Trend 1: An eye on Real-Time Bidding

    RTB monitor media solutions is one of those big pushes you’re going to see in the next six to 12 months.  Its unrealistic to expect AdColony — or any single network — to be on the only SDK in most apps. It does happen occasionally, but most people are going to want a few different options. After all, if you’re selling something on eBay, you don’t want just one bidder in on the action. So you integrate a mediation partner.

    Here’s where things will dramatically change. Up to now, mobile has seen a waterfall setting for the bidding of ad inventory. Let’s just take an example here: You got three networks bidding and the app developer’s saying they want to sell this view for $2 at a minimum. Instead of going to everyone at once, “Hey what have you got for at least $2?” they’ll go to waterfall auction one, first. The bid is below the threshold, so the developer moves to the second bid that just so happens to be at $2.25. Great, but what about number three’s bid for a $6 ad? That request never makes it down because bidder two hit the baseline. With RTB (sometimes called advanced mediation) everybody gets a bid, happening in real time.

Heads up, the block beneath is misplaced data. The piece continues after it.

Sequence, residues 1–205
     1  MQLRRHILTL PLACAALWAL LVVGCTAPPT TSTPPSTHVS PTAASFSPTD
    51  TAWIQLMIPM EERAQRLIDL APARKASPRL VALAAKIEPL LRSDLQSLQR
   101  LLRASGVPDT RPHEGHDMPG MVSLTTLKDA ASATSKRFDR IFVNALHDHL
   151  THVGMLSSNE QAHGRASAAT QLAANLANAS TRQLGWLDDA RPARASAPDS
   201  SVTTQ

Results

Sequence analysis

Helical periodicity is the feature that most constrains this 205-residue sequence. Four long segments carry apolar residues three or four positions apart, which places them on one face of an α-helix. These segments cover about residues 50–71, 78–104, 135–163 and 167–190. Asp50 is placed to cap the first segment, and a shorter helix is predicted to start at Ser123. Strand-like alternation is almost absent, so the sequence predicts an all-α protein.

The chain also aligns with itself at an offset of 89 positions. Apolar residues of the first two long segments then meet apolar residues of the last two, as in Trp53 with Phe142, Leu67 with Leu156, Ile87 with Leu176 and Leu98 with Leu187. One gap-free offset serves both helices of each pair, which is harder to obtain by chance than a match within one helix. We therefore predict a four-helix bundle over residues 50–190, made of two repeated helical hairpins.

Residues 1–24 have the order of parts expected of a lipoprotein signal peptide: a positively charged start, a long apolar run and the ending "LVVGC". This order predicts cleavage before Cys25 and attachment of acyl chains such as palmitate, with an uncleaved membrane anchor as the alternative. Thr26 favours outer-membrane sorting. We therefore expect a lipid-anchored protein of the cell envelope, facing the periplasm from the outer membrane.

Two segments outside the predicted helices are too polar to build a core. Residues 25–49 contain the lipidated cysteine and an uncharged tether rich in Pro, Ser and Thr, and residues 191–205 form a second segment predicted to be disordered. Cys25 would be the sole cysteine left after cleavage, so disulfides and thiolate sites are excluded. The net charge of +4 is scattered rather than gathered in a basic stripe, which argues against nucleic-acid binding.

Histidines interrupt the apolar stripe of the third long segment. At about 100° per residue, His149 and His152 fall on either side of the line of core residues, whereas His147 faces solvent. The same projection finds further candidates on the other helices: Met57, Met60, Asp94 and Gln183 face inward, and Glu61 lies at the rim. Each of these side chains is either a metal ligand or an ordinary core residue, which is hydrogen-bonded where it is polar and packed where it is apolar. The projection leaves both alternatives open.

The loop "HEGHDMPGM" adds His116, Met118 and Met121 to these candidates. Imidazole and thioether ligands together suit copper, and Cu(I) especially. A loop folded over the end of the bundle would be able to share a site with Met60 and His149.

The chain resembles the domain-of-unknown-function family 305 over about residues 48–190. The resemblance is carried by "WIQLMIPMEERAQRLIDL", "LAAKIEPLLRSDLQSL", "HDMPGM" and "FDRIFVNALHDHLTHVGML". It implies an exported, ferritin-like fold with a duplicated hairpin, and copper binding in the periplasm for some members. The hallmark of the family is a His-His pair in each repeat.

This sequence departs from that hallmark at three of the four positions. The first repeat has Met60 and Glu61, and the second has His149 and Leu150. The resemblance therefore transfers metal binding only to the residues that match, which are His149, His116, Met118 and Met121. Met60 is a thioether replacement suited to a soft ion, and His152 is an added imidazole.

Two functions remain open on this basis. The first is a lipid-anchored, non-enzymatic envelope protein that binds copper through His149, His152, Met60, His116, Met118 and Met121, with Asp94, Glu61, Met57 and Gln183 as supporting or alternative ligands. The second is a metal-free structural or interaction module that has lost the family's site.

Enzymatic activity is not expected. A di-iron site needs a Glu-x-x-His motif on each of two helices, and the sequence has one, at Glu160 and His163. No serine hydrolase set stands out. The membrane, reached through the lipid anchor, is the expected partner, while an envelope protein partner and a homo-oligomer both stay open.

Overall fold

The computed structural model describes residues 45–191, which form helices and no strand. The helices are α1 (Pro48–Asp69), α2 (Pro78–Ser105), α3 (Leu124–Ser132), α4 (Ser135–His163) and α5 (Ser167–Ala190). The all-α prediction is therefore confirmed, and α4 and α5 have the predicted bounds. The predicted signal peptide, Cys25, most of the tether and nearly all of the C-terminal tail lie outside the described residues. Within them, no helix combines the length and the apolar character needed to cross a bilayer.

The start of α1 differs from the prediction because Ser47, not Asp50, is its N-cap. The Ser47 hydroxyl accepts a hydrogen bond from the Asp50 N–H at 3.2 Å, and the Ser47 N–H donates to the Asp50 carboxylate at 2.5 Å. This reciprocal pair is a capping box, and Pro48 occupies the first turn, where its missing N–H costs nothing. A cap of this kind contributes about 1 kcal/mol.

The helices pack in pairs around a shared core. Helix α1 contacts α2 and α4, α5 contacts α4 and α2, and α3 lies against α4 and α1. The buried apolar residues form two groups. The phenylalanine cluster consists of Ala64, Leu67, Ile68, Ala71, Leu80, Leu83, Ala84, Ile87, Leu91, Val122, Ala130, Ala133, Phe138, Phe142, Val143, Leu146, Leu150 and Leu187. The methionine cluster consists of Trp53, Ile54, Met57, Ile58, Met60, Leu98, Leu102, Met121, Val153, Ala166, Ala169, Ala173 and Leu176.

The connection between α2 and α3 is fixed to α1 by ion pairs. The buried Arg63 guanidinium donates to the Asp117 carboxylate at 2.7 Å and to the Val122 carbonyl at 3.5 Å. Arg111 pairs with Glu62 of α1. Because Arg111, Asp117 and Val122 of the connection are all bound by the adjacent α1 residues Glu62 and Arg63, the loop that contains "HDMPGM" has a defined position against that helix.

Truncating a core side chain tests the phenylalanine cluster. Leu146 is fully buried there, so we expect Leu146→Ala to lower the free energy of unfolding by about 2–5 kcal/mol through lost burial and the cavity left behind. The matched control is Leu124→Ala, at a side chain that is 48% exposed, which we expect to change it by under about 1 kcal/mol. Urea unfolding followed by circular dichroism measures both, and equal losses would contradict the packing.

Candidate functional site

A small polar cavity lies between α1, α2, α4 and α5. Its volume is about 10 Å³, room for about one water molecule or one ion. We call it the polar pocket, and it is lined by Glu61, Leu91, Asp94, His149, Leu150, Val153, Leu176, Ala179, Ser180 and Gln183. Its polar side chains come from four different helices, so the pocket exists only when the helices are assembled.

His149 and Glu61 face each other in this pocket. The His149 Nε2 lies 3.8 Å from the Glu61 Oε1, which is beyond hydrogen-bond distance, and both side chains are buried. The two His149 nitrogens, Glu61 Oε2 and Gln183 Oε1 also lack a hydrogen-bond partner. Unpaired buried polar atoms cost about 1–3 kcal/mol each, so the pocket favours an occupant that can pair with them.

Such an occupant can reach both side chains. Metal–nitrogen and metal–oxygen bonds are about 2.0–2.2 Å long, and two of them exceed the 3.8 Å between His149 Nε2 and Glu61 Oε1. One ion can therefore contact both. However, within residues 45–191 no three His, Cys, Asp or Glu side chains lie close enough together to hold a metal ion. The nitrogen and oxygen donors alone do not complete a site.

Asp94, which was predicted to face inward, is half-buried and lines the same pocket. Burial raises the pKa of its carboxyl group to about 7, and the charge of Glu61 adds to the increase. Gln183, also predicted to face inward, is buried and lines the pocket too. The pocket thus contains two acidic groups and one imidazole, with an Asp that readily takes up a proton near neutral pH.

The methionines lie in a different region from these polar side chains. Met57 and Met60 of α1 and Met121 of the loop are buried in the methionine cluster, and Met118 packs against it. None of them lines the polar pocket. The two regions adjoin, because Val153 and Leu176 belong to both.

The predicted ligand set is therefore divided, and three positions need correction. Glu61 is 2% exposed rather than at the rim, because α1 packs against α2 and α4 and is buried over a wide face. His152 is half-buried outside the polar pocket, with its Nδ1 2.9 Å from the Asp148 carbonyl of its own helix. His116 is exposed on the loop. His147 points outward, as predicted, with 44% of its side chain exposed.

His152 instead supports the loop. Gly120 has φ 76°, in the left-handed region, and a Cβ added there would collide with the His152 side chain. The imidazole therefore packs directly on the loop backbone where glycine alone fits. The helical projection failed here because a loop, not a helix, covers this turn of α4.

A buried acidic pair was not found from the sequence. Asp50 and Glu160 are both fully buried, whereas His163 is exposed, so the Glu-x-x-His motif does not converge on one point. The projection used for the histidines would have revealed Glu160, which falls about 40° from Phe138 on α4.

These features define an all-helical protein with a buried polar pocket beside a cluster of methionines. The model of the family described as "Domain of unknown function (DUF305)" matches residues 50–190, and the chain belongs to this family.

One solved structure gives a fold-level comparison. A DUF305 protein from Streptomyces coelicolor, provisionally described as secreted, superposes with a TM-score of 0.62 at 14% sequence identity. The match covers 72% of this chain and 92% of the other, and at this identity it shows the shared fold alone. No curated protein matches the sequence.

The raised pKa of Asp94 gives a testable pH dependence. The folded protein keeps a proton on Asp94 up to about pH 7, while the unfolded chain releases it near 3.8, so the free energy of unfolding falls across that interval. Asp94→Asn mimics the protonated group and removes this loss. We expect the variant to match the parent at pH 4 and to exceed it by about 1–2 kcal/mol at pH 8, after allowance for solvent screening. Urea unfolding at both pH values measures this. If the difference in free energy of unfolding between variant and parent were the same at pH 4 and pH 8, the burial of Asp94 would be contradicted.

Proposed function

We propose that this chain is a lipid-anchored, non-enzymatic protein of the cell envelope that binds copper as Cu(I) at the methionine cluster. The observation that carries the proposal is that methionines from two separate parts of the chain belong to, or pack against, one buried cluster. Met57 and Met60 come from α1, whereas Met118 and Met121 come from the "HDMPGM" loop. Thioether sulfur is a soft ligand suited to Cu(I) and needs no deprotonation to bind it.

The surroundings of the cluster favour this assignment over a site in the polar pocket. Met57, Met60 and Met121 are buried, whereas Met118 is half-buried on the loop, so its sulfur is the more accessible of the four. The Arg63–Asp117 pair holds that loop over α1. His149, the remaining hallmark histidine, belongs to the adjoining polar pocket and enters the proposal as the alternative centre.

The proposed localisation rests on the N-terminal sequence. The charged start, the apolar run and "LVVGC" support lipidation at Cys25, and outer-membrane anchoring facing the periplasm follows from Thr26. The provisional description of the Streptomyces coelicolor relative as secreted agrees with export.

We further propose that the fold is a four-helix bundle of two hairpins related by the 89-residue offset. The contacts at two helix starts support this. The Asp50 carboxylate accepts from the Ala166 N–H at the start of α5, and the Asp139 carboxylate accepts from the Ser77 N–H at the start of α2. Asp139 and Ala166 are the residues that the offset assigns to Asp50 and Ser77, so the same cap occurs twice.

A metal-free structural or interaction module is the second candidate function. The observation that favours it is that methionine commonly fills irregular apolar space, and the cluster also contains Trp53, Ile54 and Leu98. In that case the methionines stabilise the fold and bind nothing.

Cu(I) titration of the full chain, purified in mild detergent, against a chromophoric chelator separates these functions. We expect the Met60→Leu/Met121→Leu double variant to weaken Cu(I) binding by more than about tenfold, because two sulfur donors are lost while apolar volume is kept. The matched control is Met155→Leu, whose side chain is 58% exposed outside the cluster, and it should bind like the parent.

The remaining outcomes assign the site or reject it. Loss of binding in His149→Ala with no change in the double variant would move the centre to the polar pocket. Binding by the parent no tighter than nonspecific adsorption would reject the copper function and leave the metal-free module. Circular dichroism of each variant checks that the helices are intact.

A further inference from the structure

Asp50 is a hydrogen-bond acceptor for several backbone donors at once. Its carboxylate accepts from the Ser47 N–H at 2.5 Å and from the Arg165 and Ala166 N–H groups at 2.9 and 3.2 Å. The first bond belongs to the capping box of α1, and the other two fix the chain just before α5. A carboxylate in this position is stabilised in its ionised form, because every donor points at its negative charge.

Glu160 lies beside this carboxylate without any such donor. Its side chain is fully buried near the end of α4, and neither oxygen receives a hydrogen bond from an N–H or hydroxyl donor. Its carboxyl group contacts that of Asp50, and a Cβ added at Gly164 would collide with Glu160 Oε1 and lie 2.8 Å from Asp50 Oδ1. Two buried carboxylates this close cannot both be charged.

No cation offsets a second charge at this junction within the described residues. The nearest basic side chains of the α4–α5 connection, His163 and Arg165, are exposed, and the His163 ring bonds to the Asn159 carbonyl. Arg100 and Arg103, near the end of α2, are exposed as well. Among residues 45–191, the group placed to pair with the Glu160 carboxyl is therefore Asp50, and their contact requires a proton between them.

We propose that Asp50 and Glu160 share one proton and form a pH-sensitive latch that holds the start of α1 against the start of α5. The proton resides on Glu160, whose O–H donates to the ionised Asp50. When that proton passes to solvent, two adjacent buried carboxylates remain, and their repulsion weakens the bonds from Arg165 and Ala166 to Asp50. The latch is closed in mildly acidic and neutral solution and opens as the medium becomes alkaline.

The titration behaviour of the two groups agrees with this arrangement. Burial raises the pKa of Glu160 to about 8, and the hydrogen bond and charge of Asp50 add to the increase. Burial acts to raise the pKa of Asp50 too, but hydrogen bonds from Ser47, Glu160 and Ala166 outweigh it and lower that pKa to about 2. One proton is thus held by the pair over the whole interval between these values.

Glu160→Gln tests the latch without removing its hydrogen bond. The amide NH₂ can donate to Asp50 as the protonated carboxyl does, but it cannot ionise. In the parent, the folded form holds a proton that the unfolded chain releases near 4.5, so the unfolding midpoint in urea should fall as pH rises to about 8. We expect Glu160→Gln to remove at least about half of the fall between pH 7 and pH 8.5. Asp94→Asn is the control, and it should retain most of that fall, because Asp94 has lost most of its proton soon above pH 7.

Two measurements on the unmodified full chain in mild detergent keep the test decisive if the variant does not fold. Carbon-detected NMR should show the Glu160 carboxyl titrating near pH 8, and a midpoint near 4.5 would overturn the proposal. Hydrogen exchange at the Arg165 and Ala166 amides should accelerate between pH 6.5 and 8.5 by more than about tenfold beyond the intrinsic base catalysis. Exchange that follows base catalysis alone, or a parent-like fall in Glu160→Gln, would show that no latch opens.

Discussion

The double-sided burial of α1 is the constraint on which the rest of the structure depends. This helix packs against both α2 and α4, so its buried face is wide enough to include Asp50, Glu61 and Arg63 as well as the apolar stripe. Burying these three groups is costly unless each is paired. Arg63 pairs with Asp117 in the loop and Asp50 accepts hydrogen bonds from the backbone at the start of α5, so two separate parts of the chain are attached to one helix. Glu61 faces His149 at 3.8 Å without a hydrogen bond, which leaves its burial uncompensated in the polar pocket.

“With RTB, it becomes much more efficient.” Truman adds.“It also provides a more competitive environment where all the networks have bids for every impression. We started testing with AdColony late last year — one of the early adopters of this technology. Them, along with Facebook, have been really out front with this.”

    RTB is the best way for advertisers and brands to reach more devices. An added bonus is that it will increase transparency for who will be delivering the best value for monetization. Needless to say, moving to RTB is really important. Sit on the sidelines too long and publishers will start seeing non-RTB traffic dwindle and get much lower quality ads over time.

    Trend 2: Third party authentication with app-ads.txt

    The other important trend to watch is the implementation of app-ads.txt. This has been a long-time standard for the web, designed to check that someone selling inventory on a site has permissions to do just that. The IAB released their standards in March for app-ads.txt. So publishers who are using monetization platforms that don’t support app-ads.txt are going to see a huge drop in demand. It’s going to take a while to be ramped up before that comes to a head — 2020, by some estimates. That said, there is no reason to delay making the change. It’s a low-effort switch that unlocks a lot of revenue for you in the future.